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Saudi Arabia's Domestic Crackdown

Saudi Arabia's Domestic Crackdown

Author: Youssef Ibrahim
Publication: The New York Sun
Date: April 30, 2007
URL: http://www.nysun.com/article/53451

For decades, Saudi Arabia's ruling family has lent political and financial support to the country's most fanatical Muslim clergy. The clergy received money to infest the world with their vision of violent jihad; the Al Sauds received religious support for their claims to absolute power. It has been a good marriage - but now the jihadi chickens have come home to roost.

Last week, the Saudi government rounded up 172 men on charges of plotting to assassinate public figures, blow up oil refineries, and fly airplanes into buildings. Quite a few of them turned out to be veterans of jihad in Iraq, where the same Saudi government had sent them to kill Shiite Muslims. Another 136 Saudis were arrested in a similar sweep six months ago, and more will follow.

Though the Saudi government calls them "deviants" today, the royal family used a more complimentary term when encouraging them to kill Shiites in Iraq, Russians in Afghanistan and Chechnya, Serbs in Bosnia, and Christians and Jews in Israel and the West: "heroes of the jihad."

Confusing? Not really. As part of their pact, Saudi royalty expects the clergy to keep the jihadists in line on their home ground. The Al Sauds have no compunction about exporting fanaticism and its inevitable violence but appear to have forgotten a central maxim for dealers of such volatile compounds: Pushers can't be users.

During the past 50 years, the Saudi clergy has infused a jihadi ethos into the country's mosques, schools, universities, and press - and, as a result, the daily lives of Saudi citizens. Today, factories, offices, even passport checkpoints come to a halt several times a day for obligatory prayers. People are flogged for eating during Ramadan.

So it was only a matter of time until there was a jihadist explosion at home, which arrived spectacularly in 1979 when a Saudi by the name of Juhayman al-Otaiba and 400 followers stormed the Grand Mosque of Islam's holiest site, Mecca, and held it for three weeks. Schooled in the mosques of Mecca and Medina, Otaiba and his cohort protested that Saudi Arabia was not Muslim enough and demanded the departure of the royals.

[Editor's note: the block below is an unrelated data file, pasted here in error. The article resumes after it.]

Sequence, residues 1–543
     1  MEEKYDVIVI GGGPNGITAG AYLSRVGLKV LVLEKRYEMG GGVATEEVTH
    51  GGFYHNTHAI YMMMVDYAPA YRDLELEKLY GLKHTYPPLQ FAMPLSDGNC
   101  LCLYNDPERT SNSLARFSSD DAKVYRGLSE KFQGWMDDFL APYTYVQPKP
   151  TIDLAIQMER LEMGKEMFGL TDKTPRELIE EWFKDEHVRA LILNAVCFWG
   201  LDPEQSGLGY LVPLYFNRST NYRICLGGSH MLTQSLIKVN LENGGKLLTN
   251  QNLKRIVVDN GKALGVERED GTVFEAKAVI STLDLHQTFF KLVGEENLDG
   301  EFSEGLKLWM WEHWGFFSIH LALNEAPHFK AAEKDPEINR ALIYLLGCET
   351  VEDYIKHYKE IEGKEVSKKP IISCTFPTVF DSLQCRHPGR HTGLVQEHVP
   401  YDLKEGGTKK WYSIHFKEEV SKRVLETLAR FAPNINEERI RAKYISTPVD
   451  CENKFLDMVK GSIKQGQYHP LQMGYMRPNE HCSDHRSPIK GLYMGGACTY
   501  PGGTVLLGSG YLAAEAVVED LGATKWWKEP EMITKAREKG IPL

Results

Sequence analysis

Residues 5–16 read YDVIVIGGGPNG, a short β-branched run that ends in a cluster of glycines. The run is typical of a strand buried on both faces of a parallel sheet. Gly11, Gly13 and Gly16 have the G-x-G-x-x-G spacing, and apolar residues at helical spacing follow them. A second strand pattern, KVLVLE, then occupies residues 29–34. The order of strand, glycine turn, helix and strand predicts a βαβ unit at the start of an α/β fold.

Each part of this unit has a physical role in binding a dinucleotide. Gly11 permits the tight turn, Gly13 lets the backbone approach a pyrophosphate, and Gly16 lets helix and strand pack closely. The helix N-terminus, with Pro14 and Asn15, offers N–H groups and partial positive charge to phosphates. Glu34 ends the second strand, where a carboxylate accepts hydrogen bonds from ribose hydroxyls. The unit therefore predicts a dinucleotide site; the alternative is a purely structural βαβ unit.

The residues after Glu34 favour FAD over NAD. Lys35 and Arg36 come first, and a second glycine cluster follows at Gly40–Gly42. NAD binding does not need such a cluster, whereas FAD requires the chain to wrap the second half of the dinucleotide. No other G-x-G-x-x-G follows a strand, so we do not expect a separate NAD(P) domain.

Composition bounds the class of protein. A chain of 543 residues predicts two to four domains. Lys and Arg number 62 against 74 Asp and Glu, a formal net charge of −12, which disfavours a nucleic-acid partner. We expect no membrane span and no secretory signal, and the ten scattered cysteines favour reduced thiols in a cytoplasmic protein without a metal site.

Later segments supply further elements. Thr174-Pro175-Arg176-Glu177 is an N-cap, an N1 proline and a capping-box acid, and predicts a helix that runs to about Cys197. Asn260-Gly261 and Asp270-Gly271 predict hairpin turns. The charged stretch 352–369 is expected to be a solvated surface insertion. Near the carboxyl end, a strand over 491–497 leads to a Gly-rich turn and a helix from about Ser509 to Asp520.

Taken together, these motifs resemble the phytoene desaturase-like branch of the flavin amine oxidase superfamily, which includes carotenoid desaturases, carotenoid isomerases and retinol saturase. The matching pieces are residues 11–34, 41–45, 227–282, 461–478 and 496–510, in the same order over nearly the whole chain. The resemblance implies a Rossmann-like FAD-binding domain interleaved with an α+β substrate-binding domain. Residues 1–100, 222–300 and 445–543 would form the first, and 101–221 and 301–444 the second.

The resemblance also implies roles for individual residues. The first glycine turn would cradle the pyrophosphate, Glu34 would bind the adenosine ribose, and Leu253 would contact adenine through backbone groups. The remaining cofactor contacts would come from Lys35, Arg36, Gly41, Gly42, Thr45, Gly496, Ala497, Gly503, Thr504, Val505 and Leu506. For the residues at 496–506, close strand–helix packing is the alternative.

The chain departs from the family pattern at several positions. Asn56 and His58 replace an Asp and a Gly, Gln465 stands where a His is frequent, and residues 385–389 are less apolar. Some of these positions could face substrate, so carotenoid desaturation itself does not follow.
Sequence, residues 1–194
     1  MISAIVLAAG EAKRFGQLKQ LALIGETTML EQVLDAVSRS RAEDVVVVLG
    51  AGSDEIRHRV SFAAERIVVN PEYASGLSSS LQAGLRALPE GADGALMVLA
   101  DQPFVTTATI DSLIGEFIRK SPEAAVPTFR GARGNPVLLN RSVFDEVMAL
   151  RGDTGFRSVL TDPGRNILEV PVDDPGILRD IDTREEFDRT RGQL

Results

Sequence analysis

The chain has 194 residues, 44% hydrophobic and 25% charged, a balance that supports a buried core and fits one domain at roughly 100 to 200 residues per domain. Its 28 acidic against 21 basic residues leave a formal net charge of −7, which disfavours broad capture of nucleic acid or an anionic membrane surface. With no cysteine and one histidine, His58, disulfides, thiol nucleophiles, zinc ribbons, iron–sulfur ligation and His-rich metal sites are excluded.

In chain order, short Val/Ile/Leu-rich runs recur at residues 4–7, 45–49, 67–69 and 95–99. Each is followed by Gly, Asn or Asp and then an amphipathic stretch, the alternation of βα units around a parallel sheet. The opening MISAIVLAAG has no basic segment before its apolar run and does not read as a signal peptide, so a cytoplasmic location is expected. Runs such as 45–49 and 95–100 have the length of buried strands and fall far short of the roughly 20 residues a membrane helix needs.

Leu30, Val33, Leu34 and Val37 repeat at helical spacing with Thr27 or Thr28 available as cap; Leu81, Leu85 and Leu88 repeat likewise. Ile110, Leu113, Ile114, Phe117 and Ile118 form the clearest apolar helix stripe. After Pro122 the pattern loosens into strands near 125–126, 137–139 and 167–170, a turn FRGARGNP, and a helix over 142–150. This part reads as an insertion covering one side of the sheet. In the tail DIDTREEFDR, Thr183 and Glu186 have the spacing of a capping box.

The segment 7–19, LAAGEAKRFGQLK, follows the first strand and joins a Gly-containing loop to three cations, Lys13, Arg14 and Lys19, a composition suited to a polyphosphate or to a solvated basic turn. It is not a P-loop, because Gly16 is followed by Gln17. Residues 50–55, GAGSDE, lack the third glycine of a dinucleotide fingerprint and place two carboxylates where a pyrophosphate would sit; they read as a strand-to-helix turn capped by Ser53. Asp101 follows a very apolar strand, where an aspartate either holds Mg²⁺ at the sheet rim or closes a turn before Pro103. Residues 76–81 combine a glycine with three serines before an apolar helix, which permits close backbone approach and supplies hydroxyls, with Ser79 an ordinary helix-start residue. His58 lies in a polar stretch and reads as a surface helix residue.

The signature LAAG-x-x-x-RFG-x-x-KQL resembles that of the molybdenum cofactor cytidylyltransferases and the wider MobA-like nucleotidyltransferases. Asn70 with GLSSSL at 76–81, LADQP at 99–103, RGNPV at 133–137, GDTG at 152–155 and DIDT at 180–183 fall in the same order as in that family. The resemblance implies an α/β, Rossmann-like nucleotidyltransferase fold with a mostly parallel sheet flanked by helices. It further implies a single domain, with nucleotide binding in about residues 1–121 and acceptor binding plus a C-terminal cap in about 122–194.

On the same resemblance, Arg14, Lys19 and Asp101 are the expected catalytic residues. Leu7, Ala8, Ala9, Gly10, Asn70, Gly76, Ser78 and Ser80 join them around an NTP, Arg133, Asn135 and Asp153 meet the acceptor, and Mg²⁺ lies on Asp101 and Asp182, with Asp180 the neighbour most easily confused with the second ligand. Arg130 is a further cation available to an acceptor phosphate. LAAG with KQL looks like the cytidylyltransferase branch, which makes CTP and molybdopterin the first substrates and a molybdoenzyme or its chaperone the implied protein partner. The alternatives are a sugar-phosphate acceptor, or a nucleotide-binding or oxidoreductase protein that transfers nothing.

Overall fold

In the end, the royal family imported "infidel" commandos from France who ended the occupation at the cost of hundreds of lives. But throughout, a substantial portion of the Saudi religious establishment quietly supported Otaiba's siege.

There have been many other defections since. The most famous is Osama bin Laden, a scion of a fabulously wealthy Saudi business empire whom the Saudi government sponsored in the fight against the Soviets in Afghanistan but whose Al Qaeda movement has since turned against the Saudi royals.

Yet even as the system breaks down, its supporters resist reform. To this day, worshippers in mosques and students in school hear preachers and teachers characterize Shiites as apostates and Christians and Jews as monkeys and pigs. The royal family continues to wear European-tailored suits and a smile abroad and flowing white robes and a stern demeanor at home. But in an age of globalization and the proliferation of images on the Internet, this sort of schizophrenia no longer works: Even the best Muslim will always face a purer Muslim who wants to replace him.

Last Monday, a 10-week farce dubbed an experiment with electoral democracy ended in Saudi Arabia with the choice of several municipal councils. It wasn't an election in any sense. No women could vote, and the government appointed half the members of each council. Still, voters going to the polls used their cell phones to call their preachers to ask if it would be a "sin" to vote for a candidate they favored.

All those who finally won were part of a so-called Golden List vetted by the clergy. A Jeddah businessman who lost out to the religious slate, Muhammad Dardeer, lamented the strength of such religious fanaticism in an April 24 Washington Post story. "I'm fed up [with] listening to the TV - haram, haram, haram!" Mr. Dardeer told the Post, using the Arabic word for acts forbidden by God and Islam. "I am a Muslim. I have it in my heart. Now, I want to develop my country."


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